Italian director Michelangelo Antonioni’s film ‘Blow Up’ was the inspiration for the classic ‘Jaane Bhi Do Yaaron.’

When Italian director Michelangelo Antonioni passed away on July 31 this year, the world mourned the loss of a filmmaking colossus. Winner of an Oscar for Lifetime Achievement, Antonioni’s films are aesthetically complex, ambiguous works that pose difficult questions and defy conventional conclusions. Vague feelings, moods and ideas characterise his creative canvas, and his style is decidedly enigmatic.

Films such as ‘L’Avventura’ (1960) and ‘Il Deserto Roso’ (1964) placed him firmly in the roster of great directors. (Both films feature in the Homage section of IFFK). ‘L’Avventura’ created a sensation at the Cannes film festival in 1960. ‘Il Deserto rosso’ marked a turning point in his career: Antonioni’s shifting directions of interest compelled him to explore international markets and vigorously question the nature of photographic reality. This was also his first colour film.

‘Jaane Bhi Do Yaaron’

But filmgoers in India have an unlikely reason to be grateful to this Italian master. One of the best comedies made in Indian cinema – ‘Jaane Bhi Do Yaaron’ (JBDY) – was inspired by Antonioni’s ‘Blow Up’ (1966).

‘Blow-Up,’ Antonioni’s first film in English, was an engaging, provocative murder mystery that examined the existential nature of reality through photography.

A desensitised-to-life, nihilistic, high-fashion photographer in London, who lives a mid-60s life of excess, becomes bored with his lucrative career of glamour photography.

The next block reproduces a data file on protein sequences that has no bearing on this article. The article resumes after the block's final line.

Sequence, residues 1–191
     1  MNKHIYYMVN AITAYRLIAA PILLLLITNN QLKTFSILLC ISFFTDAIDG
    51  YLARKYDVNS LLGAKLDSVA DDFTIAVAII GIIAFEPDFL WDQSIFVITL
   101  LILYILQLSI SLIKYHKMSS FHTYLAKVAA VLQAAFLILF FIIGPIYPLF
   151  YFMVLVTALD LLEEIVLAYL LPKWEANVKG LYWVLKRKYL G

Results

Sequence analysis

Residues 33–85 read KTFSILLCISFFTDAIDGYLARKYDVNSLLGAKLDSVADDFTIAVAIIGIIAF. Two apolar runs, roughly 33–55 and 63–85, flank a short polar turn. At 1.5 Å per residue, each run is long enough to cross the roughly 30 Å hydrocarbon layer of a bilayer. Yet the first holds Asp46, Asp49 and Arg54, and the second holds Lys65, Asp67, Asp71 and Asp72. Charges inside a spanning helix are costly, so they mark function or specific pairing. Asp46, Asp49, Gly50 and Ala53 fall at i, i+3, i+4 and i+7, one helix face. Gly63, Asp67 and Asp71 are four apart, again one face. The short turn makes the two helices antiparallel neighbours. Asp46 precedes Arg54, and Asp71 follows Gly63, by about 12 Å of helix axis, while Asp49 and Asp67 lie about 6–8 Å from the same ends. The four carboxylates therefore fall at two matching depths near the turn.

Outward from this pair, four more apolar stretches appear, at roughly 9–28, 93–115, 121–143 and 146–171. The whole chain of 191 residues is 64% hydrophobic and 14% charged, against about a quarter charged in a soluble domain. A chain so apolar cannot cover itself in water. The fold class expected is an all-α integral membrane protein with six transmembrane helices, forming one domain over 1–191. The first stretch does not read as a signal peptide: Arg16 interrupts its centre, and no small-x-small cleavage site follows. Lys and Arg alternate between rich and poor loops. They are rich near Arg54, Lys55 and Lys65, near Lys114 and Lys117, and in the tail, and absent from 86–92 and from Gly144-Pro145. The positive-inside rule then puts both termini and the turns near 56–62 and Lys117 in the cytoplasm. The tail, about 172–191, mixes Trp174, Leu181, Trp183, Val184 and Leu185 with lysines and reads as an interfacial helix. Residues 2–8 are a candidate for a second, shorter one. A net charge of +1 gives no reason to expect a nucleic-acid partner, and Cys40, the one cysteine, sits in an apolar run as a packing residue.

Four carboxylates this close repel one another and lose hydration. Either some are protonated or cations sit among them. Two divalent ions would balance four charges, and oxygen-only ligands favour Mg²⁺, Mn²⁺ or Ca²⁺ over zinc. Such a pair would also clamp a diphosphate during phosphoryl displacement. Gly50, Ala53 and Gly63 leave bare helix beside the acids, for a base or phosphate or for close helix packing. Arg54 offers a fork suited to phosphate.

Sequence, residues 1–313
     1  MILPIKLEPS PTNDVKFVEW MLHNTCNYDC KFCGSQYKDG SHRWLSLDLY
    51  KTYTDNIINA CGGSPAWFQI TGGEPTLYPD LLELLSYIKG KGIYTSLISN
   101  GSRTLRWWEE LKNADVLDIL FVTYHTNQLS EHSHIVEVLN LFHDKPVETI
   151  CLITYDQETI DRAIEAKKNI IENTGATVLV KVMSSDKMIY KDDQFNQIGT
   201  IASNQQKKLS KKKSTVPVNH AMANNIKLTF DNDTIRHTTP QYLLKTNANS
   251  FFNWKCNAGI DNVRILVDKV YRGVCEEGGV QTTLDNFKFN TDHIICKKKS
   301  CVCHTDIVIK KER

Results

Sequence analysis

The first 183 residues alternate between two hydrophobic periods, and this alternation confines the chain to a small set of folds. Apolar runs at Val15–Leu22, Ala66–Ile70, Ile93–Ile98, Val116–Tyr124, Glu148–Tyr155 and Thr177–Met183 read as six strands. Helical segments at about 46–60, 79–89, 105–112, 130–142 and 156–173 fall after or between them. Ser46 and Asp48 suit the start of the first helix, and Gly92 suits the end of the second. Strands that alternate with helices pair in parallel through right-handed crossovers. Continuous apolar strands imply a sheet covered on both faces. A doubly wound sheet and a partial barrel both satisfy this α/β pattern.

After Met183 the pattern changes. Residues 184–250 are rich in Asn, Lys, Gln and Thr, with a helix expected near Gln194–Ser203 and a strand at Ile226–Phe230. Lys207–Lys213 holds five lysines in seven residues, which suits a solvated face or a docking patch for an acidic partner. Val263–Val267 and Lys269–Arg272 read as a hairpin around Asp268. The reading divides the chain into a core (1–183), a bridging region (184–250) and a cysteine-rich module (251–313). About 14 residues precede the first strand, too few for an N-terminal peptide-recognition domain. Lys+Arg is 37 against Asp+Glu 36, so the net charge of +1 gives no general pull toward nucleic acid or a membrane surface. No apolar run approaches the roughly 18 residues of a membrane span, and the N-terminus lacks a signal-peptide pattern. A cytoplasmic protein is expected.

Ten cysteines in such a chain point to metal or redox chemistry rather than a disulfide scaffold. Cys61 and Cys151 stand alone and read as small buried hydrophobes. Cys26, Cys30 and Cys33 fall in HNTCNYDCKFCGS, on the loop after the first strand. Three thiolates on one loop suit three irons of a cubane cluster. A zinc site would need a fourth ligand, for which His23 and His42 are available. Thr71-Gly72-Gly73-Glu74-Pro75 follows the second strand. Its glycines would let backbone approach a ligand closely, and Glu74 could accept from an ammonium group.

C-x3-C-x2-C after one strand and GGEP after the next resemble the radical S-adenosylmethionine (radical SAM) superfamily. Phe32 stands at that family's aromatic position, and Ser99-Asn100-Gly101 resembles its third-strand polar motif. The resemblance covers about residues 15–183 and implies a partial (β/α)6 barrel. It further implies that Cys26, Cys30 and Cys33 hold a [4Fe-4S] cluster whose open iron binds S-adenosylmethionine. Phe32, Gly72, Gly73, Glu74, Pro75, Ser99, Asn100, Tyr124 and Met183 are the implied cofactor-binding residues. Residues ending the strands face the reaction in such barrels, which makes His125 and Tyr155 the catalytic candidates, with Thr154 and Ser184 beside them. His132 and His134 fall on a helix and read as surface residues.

So he resorts to photographing, in documentary style, the seamy and sordid side of life in London. He takes candid photos in a deserted park of a lover’s tryst between a kerchief-wearing woman and a middle-aged, gray-haired man in a light-gray suit, little suspecting that he had accidentally obtained visual, criminal evidence of a murder.

‘JBDY’ starred Naseeruddin Shah, member of IFFK jury this year, and was Kundan Shah’s directorial debut financed by NFDC. The film was a satirical take on civic administration, the press, the police and big business houses.

It combined slapstick humour with social commentary in a manner that has yet to be replicated.

Two bumbling photographers Vinod Chopra (Naseeruddin Shah) and Sudhir Mishra (Viveck Baswani) stumble upon the murder of police commissioner (Satish Shah) and capture it on film but in spite of repeated blow-ups of the photograph are unable to identify the killer.

This key sequence, which takes place in a park, was obviously inspired from Antonioni’s ‘Blow Up.’ In fact, the park where they click pictures of D’Mello’s murder is named Antonioni Park in the film, in a bow to the Italian master!

JBDY witnessed the coming-together of many inspired youngsters – Kundan Shah, Naseerudin Shah, editor Renu Saluja, cameraperson Binod Pradhan, Sudhir Mishra – to create an unparallel film in the black comedy genre.

Though not a commercial success when released in theatres in 1983, it has found a following and assumed cult status among film followers since.